These Papers, which are now in the hands of hon. Members, show something more than that. They show what were the terms which were offered to us in exchange for our neutrality. I trust that not only the Members of this House, but all our fellow-subjects everywhere will read the communications—will read, learn and mark the communications which passed only a week ago to-day between Berlin and London in this matter. The terms by which it was sought to buy our neutrality are contained in the communication made by the German Chancellor to Sir Edward Goschen on the 29th July—No. 85 of the published Papers. I think I must refer to them for a moment. After alluding to the state of things as between Austria and Russia, Sir Edward Goschen goes on:— He [the German Chancellor] then proceeded to make the following strong bid for British neutrality. He said that it was clear, so far as he was able to judge the main principle "which governed British policy, that Great Britain would never stand by and allow France to be crushed in any conflict there might be. That, however, was not the object at which Germany aimed Provided that neutrality of Great Britain were certain, every assurance would be given to the British Government that the Imperial Government"— Let the Committee observe these words— aimed at no territorial acquisition at the expense of France should they prove victorious in any war that might ensue. Sir Edward Goschen proceeded to put a very pertinent question:— I questioned His Excellency about the French colonies "— What are the French colonies? They mean every part of the dominions and possessions of France outside the geographical area of Europe— and he said that he was unable to give a similar undertaking in that respect. Let me come to what, in my mind, personally has always been the crucial and almost the governing consideration, namely, the position of the small States:— As regards Holland, however, His Excellency said that so long as Germany's adversaries respected the integrity and neutrality of the Netherlands, Germany was ready to give His Majesty's Government an assurance that she would do likewise. Then we come to Belgium:— It depended upon the action of France what operations Germany might be forced to enter upon in Belgium, but, when the war was over, Belgian integrity would be respected if she had not sided against Germany. Let the Committee observe the distinction between those two cases. In regard to Holland it was not only independence and integrity, but also neutrality; but in regard to Belgium, there was no mention of neutrality at all, nothing but an assurance that after the war came to an end the integrity of Belgium would be respected. Then His Excellency added:— Ever since he had been Chancellor the object of his policy had been to bring about an understanding with England. He trusted that these assurances"— the assurances I have read out to the House— might form the basis of that understanding which he so much desired. What does that amount to? Let me just ask the Committee. I do so, not with the object of inflaming passion, certainly not with the object of exciting feeling against Germany, but I do so to vindicate and make clear the position of the British Government in this matter. What did that proposal amount to? In the first place, it meant this: That behind the back of France—they were not made a party to these communications—we should have given, if we had assented to that, a free licence to Germany to annex, in the event of a successful war, the whole of the extra European dominions and possessions of France. What did it mean as regards Belgium? When she addressed, as she has addressed in these last few days, her moving appeal to us to fulfil our solemn guarantee of her neutrality, what reply should we have given? What reply should we have given to that Belgian appeal? We should have been obliged to say that, without her knowledge, we had bartered away to the Power threatening her our obligation to keep our plighted word. The House has read, and the country has read, of course, in the last few hours, the most pathetic appeal addressed by the King of Belgium, and I do not envy the man who can read that appeal with an unmoved heart. Belgians are fighting and losing their lives. What would have been the position of Great Britain to-day, in the face of that spectacle, if we had assented to this infamous proposal?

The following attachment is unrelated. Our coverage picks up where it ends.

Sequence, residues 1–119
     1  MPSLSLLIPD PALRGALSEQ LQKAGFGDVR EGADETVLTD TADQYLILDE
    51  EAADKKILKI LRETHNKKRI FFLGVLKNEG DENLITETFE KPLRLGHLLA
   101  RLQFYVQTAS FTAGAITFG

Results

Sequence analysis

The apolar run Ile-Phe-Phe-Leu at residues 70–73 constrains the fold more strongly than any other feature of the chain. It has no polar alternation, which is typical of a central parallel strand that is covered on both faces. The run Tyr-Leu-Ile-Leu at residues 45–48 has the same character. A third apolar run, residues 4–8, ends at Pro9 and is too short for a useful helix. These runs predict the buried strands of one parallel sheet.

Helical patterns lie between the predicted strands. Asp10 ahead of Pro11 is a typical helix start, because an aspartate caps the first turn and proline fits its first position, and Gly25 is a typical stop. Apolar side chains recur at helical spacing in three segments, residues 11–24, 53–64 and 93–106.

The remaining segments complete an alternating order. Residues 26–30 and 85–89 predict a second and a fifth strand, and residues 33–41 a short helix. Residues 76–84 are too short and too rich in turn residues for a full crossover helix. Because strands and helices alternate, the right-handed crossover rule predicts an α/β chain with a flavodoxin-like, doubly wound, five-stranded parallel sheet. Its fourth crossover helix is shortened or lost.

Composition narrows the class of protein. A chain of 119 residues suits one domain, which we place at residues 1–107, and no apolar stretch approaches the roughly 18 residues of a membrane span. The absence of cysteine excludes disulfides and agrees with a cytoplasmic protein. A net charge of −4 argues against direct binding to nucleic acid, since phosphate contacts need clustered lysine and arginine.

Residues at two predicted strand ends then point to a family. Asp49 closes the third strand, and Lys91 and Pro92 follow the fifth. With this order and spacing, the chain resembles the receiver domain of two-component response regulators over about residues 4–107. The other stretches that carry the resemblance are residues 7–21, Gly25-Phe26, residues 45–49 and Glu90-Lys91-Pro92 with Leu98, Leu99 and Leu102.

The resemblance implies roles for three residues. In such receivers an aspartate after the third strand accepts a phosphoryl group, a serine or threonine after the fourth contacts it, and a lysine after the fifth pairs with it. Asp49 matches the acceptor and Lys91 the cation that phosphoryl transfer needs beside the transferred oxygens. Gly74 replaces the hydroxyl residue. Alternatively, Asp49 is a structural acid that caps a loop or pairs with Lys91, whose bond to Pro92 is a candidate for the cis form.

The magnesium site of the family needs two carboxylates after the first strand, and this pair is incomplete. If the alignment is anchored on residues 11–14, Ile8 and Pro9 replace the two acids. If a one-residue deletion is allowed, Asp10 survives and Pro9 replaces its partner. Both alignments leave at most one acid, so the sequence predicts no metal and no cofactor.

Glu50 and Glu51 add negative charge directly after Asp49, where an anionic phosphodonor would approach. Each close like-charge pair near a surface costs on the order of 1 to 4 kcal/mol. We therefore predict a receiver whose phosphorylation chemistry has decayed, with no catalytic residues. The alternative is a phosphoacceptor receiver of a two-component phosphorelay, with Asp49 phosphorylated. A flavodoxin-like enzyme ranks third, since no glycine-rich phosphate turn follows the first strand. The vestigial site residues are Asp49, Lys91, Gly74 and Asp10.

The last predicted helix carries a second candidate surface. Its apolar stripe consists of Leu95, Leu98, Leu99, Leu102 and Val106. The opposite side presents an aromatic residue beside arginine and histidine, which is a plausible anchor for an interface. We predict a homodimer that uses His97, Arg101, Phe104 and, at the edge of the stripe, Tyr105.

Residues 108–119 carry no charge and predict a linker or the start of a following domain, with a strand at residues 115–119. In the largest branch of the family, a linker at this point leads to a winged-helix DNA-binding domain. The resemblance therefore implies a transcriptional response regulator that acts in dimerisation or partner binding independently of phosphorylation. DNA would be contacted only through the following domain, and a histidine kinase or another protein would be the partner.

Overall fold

Yes, and what are we to get in return for the betrayal of our friends and the dishonour of our obligations? What are we to get in return? A promise—nothing more; a promise as to what Germany would do in certain eventualities; a promise, be it observed—I am sorry to have to say it, but it must be put upon record—given by a Power which was at that very moment announcing its intention to violate its own treaty and inviting us to do the same. I can only say, if we had dallied or temporised, we, as a Government, should have covered ourselves with dishonour, and we should have betrayed the interests of this country, of which we are trustees. I am glad, and I think the country will be glad, to turn to the reply which my right hon. Friend made, and of which I will read to the Committee two of the more salient passages. This document, No. 101 of the Papers, puts on record a week ago the attitude of the British Government, and, as I believe, of the British people. My right hon. Friend says:— His Majesty's Government cannot for a moment entertain the Chancellor's proposal that they should bind themselves to neutrality on such terms. What he asks us in effect is to engage to stand by while French Colonies are taken if France is beaten, so long as Germany does not take French territory as distinct from the Colonies. From the material point of view "— My right hon. Friend, as he always does, used very temperate language:— such a proposal is unacceptable, for France, without further territory in Europe being taken from her could be so crushed as to lose her position as a Great Power, and become subordinate to German policy. That is the material aspect. But he proceeded:— Altogether, apart from that, it would be a disgrace for us to make this bargain with Germany at the expense of Fiance, a disgrace from which the good name of this country would never recover. The Chancellor also in effect asks us to bargain away whatever obligation or interest we have as regards the neutrality of Belgium. We could not entertain that bargain either. He then says:— We must preserve our full freedom to act, as circumstances may seem to us to require. And he added, I think, in sentences which the Committee must appreciate:— You should … add most earnestly that the one way of maintaining the good relations between England and Germany is that they should continue to work together to preserve the peace of Europe. … For that object this Government will work in that way with all sincerity and good will. If the peace of Europe can be preserved and the present crisis safely passed, my own endeavour will be to promote some arrangement to which Germany could be a party, by which she could be assured that no aggressive or hostile policy would be pursued against her or her allies by France, Russia, and ourselves, jointly or separately. I have desired this and worked for it "— The statement was never more true— as far as I could, through the last Balkan crisis, and Germany having a corresponding object, our relations sensibly improved. The idea has hitherto been too Utopian to form the subject of definite proposals, but if this present crisis, so much more acute than any that Europe has gone through for generations, be safely passed, I am hopeful that the relief and reaction which will follow may make possible some more definite rapprochement between the Powers than has been possible hitherto. That document, in my opinion, states clearly, in temperate and convincing language, the attitude of this Government. Can anyone who reads it fail to appreciate the tone of obvious sincerity and earnestness which underlies it; can anyone honestly doubt that the Government of this country in spite of great provocation—and I regard the proposals made to us as proposals which we might have thrown aside without consideration and almost without answer—can anyone doubt that in spite of great provocation the right hon. Gentleman, who had already earned the title—and no one ever more deserved it—of "Peace Maker of Europe," persisted to the very last moment of the last hour in that beneficent but unhappily frustrated purpose?